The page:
With all the superheroes muscling into theaters, there ought to be room — in theory, anyway — for a few caped crusaders on TV. Enter “The Cape,” NBC’s foray into cloaked avenger territory, kicking off with an extremely fun two-hour launch that shrewdly mixes comicbook imagery with the right measure of playful humor. Part “Batman,” part “Robocop,” the semi-futuristic vision of an ailing metropolis in need of a savior will be tough to sustain on a weekly basis, but the first mission succeeds as an original leap into this genre — bridging the perilous gap between what works on the printed page vs. live-action.
Granted, TV has a rather sordid history with comics, dating back to the high camp of “Batman” in the 1960s. Even recent efforts have proceeded cautiously — witness “Smallville’s” initial (and since discarded) “No tights, no flights” pledge.
“The Cape,” on the other hand, dives into a pretty conventional origin story, as committed cop Vince Faraday (“ER’s” David Lyons, blessed with a solid superhero jaw) tries playing things straight on an increasingly corrupt police force in Palm City. Framed as the master masked criminal Chess, he escapes a massive explosion that leaves the world thinking he’s dead — and his wife (Jennifer Ferrin) and young son (Ryan Wynott) grappling with his disgrace.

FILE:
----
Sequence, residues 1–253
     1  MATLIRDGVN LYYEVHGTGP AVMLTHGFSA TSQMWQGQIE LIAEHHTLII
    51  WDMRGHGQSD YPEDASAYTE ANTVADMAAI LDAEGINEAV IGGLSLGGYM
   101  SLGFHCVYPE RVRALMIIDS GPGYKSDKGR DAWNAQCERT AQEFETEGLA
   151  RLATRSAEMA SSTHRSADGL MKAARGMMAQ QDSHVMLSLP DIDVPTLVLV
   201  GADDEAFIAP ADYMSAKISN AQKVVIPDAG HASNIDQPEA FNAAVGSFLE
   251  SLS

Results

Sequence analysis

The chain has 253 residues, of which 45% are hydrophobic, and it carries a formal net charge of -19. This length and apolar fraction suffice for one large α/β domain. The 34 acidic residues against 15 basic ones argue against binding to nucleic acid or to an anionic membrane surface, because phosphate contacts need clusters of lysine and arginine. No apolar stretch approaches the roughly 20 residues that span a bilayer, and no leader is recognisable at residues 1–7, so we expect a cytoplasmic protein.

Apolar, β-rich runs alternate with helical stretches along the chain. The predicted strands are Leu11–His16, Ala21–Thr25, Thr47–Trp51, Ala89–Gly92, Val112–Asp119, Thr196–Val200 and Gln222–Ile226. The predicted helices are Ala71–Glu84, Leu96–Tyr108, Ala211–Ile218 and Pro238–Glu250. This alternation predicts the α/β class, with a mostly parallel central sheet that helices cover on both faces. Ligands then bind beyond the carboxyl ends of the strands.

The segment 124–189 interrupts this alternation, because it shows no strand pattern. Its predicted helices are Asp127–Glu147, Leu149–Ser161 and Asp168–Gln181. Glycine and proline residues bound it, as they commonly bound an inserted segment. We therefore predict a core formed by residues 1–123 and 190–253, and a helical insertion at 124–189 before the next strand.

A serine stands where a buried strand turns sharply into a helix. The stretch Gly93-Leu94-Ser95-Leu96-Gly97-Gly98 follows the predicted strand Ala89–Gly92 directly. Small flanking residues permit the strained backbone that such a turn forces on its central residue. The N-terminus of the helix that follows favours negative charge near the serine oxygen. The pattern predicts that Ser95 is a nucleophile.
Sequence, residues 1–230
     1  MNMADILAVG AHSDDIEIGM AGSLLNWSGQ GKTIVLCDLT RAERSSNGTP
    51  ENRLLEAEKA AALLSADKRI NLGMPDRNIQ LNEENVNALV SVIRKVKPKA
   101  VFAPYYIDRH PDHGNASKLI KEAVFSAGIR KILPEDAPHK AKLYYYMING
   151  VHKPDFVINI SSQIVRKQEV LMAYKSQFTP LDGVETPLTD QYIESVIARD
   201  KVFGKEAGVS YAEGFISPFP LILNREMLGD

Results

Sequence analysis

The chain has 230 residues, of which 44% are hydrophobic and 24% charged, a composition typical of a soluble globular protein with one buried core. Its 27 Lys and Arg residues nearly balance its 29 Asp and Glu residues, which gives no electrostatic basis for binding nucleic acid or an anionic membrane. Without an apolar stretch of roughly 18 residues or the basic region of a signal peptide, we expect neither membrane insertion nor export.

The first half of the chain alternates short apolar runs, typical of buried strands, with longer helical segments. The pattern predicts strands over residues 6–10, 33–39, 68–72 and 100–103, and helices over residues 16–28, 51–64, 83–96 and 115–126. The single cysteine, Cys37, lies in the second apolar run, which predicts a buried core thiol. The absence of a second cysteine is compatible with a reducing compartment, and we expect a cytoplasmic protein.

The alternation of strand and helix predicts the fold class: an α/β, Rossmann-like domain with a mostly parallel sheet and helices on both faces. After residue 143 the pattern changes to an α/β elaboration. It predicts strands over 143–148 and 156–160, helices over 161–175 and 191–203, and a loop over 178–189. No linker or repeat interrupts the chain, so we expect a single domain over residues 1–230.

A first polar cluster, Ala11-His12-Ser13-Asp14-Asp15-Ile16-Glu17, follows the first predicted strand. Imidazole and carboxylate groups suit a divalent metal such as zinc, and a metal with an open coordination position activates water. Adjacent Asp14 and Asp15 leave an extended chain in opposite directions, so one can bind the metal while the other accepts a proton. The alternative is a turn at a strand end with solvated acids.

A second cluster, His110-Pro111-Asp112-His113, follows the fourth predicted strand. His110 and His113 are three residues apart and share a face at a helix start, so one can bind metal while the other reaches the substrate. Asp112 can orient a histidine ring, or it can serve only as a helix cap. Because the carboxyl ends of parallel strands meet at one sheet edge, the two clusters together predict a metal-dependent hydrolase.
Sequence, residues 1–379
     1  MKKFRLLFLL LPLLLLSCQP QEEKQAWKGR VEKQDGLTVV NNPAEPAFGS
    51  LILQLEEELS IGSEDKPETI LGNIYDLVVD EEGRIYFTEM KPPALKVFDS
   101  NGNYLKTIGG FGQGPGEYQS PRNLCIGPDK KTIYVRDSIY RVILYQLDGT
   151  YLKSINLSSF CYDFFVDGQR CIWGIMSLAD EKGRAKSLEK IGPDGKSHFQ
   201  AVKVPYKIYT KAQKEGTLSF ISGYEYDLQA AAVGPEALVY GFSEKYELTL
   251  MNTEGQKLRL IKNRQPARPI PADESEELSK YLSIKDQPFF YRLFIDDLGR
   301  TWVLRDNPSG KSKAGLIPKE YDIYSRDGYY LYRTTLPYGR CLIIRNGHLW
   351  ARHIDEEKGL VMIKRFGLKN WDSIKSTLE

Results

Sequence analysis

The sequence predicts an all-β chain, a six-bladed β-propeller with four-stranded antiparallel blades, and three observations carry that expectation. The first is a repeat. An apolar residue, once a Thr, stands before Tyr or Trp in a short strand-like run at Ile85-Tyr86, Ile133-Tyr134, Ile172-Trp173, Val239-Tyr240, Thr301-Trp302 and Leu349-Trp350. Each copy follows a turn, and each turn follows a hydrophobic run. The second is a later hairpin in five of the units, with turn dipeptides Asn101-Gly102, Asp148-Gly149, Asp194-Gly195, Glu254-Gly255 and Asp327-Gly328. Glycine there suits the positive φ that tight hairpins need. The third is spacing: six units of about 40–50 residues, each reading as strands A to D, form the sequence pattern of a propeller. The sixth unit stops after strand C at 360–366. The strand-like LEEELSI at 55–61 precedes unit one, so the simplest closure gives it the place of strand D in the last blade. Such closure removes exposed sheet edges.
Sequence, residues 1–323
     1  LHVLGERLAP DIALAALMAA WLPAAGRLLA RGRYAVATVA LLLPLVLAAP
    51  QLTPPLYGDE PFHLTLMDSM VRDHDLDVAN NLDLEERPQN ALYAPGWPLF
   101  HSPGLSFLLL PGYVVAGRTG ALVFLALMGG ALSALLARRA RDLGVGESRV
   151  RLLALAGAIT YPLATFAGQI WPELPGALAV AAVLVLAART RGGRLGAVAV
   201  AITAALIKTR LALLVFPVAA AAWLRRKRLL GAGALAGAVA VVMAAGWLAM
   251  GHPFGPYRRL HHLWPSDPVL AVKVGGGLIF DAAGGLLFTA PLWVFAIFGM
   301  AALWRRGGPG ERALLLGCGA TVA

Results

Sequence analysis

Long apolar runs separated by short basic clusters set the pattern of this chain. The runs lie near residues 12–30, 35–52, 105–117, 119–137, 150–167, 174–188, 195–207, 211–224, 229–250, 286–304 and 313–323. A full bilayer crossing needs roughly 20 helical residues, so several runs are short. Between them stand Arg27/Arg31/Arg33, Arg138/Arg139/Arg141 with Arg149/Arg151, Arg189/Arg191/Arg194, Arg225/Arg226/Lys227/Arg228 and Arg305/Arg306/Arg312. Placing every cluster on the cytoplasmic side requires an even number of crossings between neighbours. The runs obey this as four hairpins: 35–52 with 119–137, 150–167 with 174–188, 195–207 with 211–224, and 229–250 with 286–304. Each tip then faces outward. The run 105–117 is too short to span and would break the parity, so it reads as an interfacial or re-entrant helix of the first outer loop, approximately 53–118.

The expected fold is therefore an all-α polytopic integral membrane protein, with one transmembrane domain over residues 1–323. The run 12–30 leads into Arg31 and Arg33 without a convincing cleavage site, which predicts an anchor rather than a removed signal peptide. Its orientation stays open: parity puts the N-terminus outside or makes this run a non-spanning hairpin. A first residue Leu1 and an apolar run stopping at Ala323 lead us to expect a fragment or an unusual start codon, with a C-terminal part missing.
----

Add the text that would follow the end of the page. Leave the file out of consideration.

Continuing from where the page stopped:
But Vince is taken in by Max Malini (Keith David), who heads a circus gang that robs banks. After what amount to hazing rituals, Max — a master illusionist — and his compatriots train Vince, who uses his ninja-like skills, escape arts and a special cloak to become the Cape, his son’s favorite comicbook hero.
To protect his family, Vince decides to continue playing dead, seeking to neutralize the private contractor, Peter Fleming (James Frain, born to play a comicbook villain), who is transforming the police into a private paramilitary operation.
Finally, Vince receives assistance from the mysterious Orwell, an “investigator blogger” played by Summer Glau, managing to be oxymoronic and improbable all at once.
If the premise sounds cheesy and busy, the execution is crisp and efficient — and manages to sell dialogue like, “Together, we can take this city back,” which often sounds better in a word balloon. Even the music (by Bear McCreary) brings to mind Danny Elfman’s “Batman” theme.
Can “The Cape” take flight with more than just the cultish adoration of fanboys and kids? Ah, now that’s a formidable challenge — especially with the show residing Mondays in what was “The Event’s” timeslot after this Sunday preview to capitalize on NFL football.
At this point, the Herculean task of turning NBC around looks like a job for Superman. Still, “The Cape” overpowers most of the fall’s development through sheer energy and wit, thus qualifying as a welcome step — maybe even a bold leap — in the right direction.